The advent of global economies and global markets ensures the survival and dissemination of traditional characters throughout the developed world, from the recent Hollywood blockbuster movie X-Men, to text-messaging on mobile phones, frequently accompanied by logos featuring characters such as Mickey Mouse, Peanuts and the Simpsons, to phone cards bearing images of Disney and other characters (see the series ‘Pippo olimpionico’ or ‘Olympic Goofy’ in Italy, and also Tintin in Belgium and mangas in Japan) which have now become highly collectable items. In short, the daily activities, as well as the free time, of children and teenagers are saturated with comics and there are no signs of comics losing their powerful hold on the collective imagination of young consumers worldwide.



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Carpenter, K. (1983) Penny Dreadfuls and Comics: English Periodicals for Children from Victorian Times to the Present Day, London: Victoria and Albert Museum.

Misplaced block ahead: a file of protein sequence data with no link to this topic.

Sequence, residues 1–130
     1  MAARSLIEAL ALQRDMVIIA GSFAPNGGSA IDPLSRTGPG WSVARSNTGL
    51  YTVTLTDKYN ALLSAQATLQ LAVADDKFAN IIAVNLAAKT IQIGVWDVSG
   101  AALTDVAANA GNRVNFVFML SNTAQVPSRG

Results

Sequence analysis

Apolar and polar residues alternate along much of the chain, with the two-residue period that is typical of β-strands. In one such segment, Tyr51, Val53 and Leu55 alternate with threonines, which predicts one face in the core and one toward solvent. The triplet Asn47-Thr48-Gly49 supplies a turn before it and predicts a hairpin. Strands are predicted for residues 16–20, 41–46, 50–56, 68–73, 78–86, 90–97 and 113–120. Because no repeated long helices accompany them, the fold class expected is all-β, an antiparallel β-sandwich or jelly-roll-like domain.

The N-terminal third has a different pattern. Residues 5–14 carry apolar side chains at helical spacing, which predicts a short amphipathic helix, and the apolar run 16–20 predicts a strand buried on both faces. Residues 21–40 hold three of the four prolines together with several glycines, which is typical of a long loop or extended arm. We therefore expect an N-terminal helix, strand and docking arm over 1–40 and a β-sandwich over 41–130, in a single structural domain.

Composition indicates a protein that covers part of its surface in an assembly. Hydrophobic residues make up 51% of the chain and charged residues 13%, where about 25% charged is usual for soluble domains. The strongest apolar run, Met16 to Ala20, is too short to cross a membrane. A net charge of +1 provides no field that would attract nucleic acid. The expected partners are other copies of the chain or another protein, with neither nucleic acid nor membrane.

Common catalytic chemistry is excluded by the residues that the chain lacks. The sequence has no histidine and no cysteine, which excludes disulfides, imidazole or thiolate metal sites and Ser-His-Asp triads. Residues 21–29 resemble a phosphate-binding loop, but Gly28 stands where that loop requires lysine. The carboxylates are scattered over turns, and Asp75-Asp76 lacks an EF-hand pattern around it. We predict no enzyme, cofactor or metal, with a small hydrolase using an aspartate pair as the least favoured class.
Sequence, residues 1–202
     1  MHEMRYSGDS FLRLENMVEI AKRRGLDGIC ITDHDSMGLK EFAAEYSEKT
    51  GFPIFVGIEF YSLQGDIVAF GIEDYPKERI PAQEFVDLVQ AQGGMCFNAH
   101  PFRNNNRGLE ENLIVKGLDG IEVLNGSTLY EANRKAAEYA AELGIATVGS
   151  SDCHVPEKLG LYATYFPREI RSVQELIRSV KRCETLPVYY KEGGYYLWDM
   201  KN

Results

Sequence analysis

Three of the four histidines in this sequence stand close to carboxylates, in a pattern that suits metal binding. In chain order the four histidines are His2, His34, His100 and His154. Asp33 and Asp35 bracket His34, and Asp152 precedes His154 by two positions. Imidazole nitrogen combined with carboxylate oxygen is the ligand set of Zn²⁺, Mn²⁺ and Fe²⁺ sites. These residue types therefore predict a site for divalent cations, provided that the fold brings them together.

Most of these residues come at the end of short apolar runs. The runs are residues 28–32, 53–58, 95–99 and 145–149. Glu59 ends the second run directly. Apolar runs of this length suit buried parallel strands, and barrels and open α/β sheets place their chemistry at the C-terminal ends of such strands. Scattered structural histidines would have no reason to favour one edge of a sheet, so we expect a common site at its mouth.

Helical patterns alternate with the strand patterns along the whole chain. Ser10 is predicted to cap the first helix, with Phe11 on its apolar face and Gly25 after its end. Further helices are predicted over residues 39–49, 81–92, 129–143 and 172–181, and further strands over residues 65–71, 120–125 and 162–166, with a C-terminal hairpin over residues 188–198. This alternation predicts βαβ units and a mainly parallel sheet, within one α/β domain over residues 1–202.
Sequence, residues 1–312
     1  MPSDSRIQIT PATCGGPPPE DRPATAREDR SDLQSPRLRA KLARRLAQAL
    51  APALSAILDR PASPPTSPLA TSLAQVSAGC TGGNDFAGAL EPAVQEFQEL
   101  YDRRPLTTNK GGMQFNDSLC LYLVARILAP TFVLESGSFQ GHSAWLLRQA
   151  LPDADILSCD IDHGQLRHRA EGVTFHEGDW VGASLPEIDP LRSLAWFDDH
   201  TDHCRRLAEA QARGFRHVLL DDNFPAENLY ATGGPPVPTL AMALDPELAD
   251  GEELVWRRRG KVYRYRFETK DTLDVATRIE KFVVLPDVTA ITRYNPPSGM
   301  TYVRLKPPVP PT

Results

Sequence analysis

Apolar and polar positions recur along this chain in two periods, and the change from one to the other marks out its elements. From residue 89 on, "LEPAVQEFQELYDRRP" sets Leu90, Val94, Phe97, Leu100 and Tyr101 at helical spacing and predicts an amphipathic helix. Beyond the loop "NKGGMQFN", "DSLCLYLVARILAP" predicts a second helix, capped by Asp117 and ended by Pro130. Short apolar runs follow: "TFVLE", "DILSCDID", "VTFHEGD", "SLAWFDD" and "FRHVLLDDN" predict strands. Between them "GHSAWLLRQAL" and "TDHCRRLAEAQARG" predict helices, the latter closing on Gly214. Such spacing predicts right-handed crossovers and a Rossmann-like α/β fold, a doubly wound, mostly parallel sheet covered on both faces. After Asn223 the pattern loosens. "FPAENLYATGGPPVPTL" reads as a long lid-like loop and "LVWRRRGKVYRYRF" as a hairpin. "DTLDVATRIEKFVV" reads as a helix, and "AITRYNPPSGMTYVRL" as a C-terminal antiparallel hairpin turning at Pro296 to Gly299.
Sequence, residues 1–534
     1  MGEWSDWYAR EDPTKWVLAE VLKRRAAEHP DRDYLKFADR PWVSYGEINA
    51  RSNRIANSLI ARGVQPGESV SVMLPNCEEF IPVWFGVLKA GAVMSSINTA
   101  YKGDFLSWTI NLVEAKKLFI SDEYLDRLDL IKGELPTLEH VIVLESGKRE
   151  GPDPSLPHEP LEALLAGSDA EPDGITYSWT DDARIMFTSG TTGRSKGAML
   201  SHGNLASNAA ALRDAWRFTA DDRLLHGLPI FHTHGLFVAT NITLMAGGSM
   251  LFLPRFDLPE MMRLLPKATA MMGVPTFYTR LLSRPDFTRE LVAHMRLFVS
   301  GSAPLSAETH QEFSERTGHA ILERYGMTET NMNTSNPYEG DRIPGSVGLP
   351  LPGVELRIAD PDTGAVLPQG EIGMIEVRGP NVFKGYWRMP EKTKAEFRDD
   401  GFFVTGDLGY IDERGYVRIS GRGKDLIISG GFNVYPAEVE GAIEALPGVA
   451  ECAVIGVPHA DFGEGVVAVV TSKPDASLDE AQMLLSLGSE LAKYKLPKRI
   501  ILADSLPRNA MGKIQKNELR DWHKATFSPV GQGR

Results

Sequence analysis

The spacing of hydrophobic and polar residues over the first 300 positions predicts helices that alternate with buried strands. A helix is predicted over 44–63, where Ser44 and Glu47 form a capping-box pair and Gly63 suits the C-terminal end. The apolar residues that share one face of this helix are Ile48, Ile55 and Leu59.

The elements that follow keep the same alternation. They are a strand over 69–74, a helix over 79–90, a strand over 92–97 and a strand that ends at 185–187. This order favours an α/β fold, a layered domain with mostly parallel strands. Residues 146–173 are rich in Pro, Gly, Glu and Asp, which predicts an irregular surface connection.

Comics Journal (2002) 249: 1-128.

Frezza, G. (1995) La macchina del mito tra film e fumetti, Florence: La Nuova Italia.

- (1999) Fumetti, anime del visibile, Rome: Meltemi.

Gifford, D. (1975) Happy Days: A Century of Comics, London: Jupiter.

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Giromini, F., Martelli, M., Pavesi, E. et al. (1996) ‘Anni Novanta’, Gulp! 100 Anni a Fumetti, Milan: Electa, 272-93.

Horn, M. (ed) (1981) The World Encyclopedia of Cartoons, New York and London: Chelsea House.

Horn, M. and Secchi, L. (1978) Enciclopedia mondiale del fumetto, Milan: Corno.

Moliterni, C., Mellot, P. and Denni, M. (1996) Il fumetto: Cent’anni di avventura, Trieste: Libraria/Electa/Gallimard.

Perry, G. and Aldridge, A. (1971) The Penguin Book of Comics, Harmondsworth: Penguin.

Pesci, R., Baglini, C. and Castellazzi, D. (1999) ‘I manga di fine secolo’, If(Immagini and Fumetti): Mangamania: 20 anni di Giappone in Italia-Cartoon Comics ’99, Milan: Epierre, 172-83.

Sabin, R. (1996) Comics, Comix & Graphic Novels: A History of Comic Art, London: Phaidon.